800 Miami Circle N.E., Suite 160
CATHEDRAL THRIFT HOUSE
When it comes to resale shops, Cathedral Thrift House is one of the oldest kids on the block. It’s been around since 1949, with several relocations over the decades. Operated by The Cathedral of St. Philip to serve the community, the nonprofit shop is well stocked with an eyepopping assortment of high-quality items from designer clothing and accessories to home goods and furniture, gently used to brand new. The inventory is donated by parishioners and residents from Buckhead and surrounding neighborhoods.
“Our customers love the thrill of the hunt for unique treasures at a great value,” says manager Nellie Holleman. “Some come in daily, especially our antique dealers and designers, but also our neighbors. Many come in once a week. We have a saying ‘You snooze, you lose,’ as new merchandise comes in daily. If you see it, buy it then as tomorrow it might be gone.”
That includes china by Limoges, Haviland and Minton, and crystal by Waterford, Baccarat and Rosenthal. Among the crown jewels: a Picasso studio painting and an elegant set of Saint Louis Crystal “Excellence” water goblets (both sold at auction), and two diamond bracelets appraised at $2,500 each (sold at the fall trunk show).
Resale is a win-win situation across the board, Holleman says. Donors can recycle unneeded items to benefit others and get a tax deduction for themselves. Customers can have fun shopping for necessities and affordable luxuries in a hospitable setting. And net profits benefit various church missions and community charities. Respite Care Atlanta, The Boyce L. Ansley School for Homeless Children and Church of the Common Ground have been selected as recipients.
“We are staffed by a wonderful, talented and devoted group of volunteers along with a small paid staff equally devoted,” she says. “To many, we are a place to come to whether you buy or not. Everyone is welcome.”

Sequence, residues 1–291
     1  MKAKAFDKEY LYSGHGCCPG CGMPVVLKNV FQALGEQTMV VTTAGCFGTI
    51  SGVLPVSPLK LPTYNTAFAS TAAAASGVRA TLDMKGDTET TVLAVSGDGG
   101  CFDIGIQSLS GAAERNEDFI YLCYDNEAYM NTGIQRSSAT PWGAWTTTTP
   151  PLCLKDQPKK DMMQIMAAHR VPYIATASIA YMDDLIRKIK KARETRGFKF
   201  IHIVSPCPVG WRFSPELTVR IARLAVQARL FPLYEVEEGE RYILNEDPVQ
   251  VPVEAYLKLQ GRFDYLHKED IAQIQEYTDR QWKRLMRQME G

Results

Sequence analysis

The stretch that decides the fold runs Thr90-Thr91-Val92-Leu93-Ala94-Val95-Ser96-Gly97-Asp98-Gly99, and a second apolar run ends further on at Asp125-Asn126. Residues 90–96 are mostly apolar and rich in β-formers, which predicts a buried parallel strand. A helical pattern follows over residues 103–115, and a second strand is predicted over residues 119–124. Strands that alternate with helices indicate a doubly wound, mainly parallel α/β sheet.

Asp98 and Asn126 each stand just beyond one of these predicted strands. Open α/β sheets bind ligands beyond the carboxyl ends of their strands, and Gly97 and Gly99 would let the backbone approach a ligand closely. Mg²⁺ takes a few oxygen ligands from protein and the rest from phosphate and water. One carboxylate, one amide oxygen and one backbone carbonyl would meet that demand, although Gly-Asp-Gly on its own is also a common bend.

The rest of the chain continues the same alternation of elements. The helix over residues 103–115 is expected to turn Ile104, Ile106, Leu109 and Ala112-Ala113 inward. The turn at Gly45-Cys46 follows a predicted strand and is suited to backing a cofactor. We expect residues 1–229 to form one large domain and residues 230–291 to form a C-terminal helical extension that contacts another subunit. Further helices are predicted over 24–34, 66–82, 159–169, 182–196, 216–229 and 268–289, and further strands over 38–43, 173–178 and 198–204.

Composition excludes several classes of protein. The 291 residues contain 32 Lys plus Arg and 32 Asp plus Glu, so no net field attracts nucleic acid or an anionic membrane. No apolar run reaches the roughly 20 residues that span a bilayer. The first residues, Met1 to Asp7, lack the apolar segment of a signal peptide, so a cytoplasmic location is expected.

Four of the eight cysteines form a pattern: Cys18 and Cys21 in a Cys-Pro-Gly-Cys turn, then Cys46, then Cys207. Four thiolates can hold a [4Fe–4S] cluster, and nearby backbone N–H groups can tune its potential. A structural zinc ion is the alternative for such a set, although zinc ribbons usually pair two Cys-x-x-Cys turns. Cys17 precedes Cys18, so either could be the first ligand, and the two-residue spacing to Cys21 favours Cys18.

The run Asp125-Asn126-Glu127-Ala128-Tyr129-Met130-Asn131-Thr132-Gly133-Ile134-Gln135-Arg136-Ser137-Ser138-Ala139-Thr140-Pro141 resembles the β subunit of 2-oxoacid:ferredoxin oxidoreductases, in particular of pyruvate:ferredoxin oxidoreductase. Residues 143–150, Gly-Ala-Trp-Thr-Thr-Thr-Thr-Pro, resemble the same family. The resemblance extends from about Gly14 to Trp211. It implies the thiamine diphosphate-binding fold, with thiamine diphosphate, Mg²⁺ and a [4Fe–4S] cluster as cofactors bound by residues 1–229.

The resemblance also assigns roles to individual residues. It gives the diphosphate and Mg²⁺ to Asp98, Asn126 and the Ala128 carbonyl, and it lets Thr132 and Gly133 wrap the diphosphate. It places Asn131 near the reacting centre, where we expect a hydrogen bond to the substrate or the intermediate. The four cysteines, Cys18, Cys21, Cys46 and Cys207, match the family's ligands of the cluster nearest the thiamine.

1893 Piedmont Road N.E.
From activewear to evening gowns, sizes 00 to 3X, there’s something for everyone at Consigning Women, says co-owner Cindi Williams, who opened shop in Dunwoody in 2009 with long-time friend Jenny Neuger. The two quickly doubled the space from 2,000- to 4,000-square-feet within the first six months. “Our stock runs the gamut. Everything is organized by size and color, so you can go right to the rack and see if we have the top you might be looking for or that pair of dressy shoes for an evening out,” she says. “Of course, we love the ladies who stay all day—and we have them.”
Most items are priced between $20 to $150; the occasional bag goes for up to $2,000. Purses are the top sellers, with Louis Vuitton, Prada, Chanel, Gucci, Kate Spade and Coach all in the mix. Some merchandise is new: We found an NWT Escada skirt that retails for $690 on the floor for $28.50. Inventory hanging around for 30 days is discounted 25%.
“It’s fun to watch women find that perfect piece and help them with their wardrobe needs,” Williams says. That includes brides. Though the store doesn’t carry traditional wedding gowns, it does offer some unique alternatives for the big day. “We had a bride looking for something a little classy and a little funky for a sundown wedding on the lake. She found the most beautiful brown dress with a full taffeta skirt and a beaded bolero to go with her stunning cowboy boots.”
Proud of their reputation as the “Cheers” of the consignment world (“After you visit a few times, everyone knows your name!”), Williams says the team works hard to please customers and consigners in a friendly, relaxing shopping environment. “We’ve been blessed to take in new consignments every day for the 10 years that we’ve been open. So when we say it is never the same store twice, we really mean it.”
A biannual turnover sale on winter clothing is set for early March, with remaining inventory donated to the Wellspring Living thrift stores. “People literally mark their calendars for this,” says Williams. “We just have an unbelievably loyal following of consignment shoppers.”
2508 Mount Vernon Road
LABELS RESALE BOUTIQUE
Prepare to shop ’til you drop at Labels Resale Boutique, a top destination for luxury consignment since 2009. The five locations include three within walking distance on Paces Ferry Place, one in Sandy Springs and a deep discount outlet center in Vinings.